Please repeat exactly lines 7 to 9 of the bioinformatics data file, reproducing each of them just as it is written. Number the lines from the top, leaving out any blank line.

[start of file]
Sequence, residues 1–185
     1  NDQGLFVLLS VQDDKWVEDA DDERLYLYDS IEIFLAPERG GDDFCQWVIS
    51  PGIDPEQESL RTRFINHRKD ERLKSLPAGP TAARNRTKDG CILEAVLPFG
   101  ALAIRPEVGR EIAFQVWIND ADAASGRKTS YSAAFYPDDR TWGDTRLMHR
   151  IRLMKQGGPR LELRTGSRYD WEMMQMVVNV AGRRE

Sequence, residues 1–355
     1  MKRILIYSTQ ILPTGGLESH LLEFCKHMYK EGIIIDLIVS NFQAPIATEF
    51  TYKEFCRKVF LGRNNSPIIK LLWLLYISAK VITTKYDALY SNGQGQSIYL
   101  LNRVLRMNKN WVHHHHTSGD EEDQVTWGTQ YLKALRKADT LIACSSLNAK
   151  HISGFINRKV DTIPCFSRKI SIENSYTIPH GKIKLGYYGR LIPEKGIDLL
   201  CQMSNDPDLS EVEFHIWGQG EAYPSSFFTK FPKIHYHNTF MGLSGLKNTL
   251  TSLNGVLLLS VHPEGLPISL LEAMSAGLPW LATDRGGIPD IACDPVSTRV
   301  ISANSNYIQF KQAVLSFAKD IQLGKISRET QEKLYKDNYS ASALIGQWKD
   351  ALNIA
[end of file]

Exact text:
     1  MKRILIYSTQ ILPTGGLESH LLEFCKHMYK EGIIIDLIVS NFQAPIATEF
    51  TYKEFCRKVF LGRNNSPIIK LLWLLYISAK VITTKYDALY SNGQGQSIYL
   101  LNRVLRMNKN WVHHHHTSGD EEDQVTWGTQ YLKALRKADT LIACSSLNAK